Mario Draghi is being hailed, once again, as a rhetorical wizard. The president of the European Central Bank has done it again. After the October meeting of the ECB’s Governing Council, Draghi dropped hints the Frankfurt-based bank would soon be unleashing yet more quantitative easing across the Eurozone, further lowering interest rates, or both.
No matter that the ECB has been churning out €60bn of virtually printed money a month since March and is committed to do so until September 2016. That’s a Euro-QE programme of €1,100bn – an astonishing 8% of the Eurozone’s annual GDP. No matter, also, that the ECB’s benchmark interest rate is 0.05%, with the central bank deposit rate at minus 0.2% – both record lows – or that Draghi has previously said such rates were at “their lower bound”. The ECB is now “vigilant” – a trigger word previously pointing to imminent policy action.
It’s all about the V-word, apparently. That’s a nod not to Winston Churchill, but a rather different character – namely Mario Draghi, President of the European Central Bank. It would appear a eurozone quantitative easing program running to €1,100bn (£795bn) isn’t enough. Having churned-out €60bn of virtually-printed money a month since March, and committed to maintaining that pace until September 2016, Draghi has now signaled there’s likely to be even more.
“The degree of monetary policy accommodation will need to be re-examined at our December meeting,” he said last week, following the latest gathering of the central bank’s Governing Council in Malta. The “size, duration or composition” of eurozone QE could be adjusted, Draghi continued, with the monthly amounts getting bigger or the schedule extending into 2017 and beyond.
“There needs to be a certain credibility,” opined Mario Draghi, President of the European Central Bank, as he launched outright Eurozone quantitative easing last Thursday. “Today, we’re showing that such credibility is deserved”. When used by an economist, “credibility” is indeed a very important word. But I’m afraid I take issue with Signor Draghi’s usage.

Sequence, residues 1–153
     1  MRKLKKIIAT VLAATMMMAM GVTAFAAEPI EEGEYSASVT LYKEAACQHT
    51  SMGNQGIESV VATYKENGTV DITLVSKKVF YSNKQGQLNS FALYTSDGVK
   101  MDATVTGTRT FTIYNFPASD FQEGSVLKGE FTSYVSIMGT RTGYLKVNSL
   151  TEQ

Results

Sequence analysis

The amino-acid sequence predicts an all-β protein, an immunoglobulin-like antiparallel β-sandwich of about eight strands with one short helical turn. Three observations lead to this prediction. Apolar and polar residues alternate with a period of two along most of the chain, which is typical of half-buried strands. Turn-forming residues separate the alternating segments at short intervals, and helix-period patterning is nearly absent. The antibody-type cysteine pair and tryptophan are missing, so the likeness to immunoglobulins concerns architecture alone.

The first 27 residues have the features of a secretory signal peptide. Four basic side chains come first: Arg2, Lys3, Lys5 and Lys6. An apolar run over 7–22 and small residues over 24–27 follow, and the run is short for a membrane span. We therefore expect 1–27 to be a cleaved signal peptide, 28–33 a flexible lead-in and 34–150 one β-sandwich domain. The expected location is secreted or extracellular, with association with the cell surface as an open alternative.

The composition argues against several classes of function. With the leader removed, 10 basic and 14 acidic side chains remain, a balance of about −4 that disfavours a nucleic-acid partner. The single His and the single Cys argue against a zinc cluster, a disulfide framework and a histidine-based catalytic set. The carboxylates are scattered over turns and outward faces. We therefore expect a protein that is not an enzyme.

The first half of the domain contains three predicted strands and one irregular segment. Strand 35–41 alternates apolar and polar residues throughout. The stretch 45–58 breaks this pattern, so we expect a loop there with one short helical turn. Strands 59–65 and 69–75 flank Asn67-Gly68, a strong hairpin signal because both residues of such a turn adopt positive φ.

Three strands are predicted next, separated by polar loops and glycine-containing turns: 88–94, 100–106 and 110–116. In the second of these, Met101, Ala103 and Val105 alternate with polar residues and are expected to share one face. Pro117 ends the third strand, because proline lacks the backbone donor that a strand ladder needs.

When I began studying the dismal science – some 30 years ago, I’ve just realised with anguish – central bankers gained “credibility” by implementing policies which were tough over the short-term but ultimately constructive for the longer-term health of the economy.
“I wouldn’t hold French shares,” said Nigel Farage with a wink, belying his previous life as a stockbroker. “The country is in real trouble,” the Ukip leader told me at an investment conference in London last week. “As someone who loves France, it gives me no pleasure to say that”.
While Farage casually dishes out advice to sell French stocks, he knows only too well that, for all his admiration of Gallic gastronomy and tabacs, the singular weakness of the French economy, and related political fall-out, is playing into his hands.
How is the Eurozone economy doing? Given that the 18 countries sharing the single currency comprise the UK’s biggest trading partner, accounting for around half our international commerce, this is a question of major economic and political importance.
Whether the Eurozone stages a meaningful recovery over the next 12 months, stagnates, or collapses amidst a fully-blown melt-down – which remains depressingly plausible in my view – will significantly influence the UK’s economic path, determining the backdrop against which the 2015 general election is fought.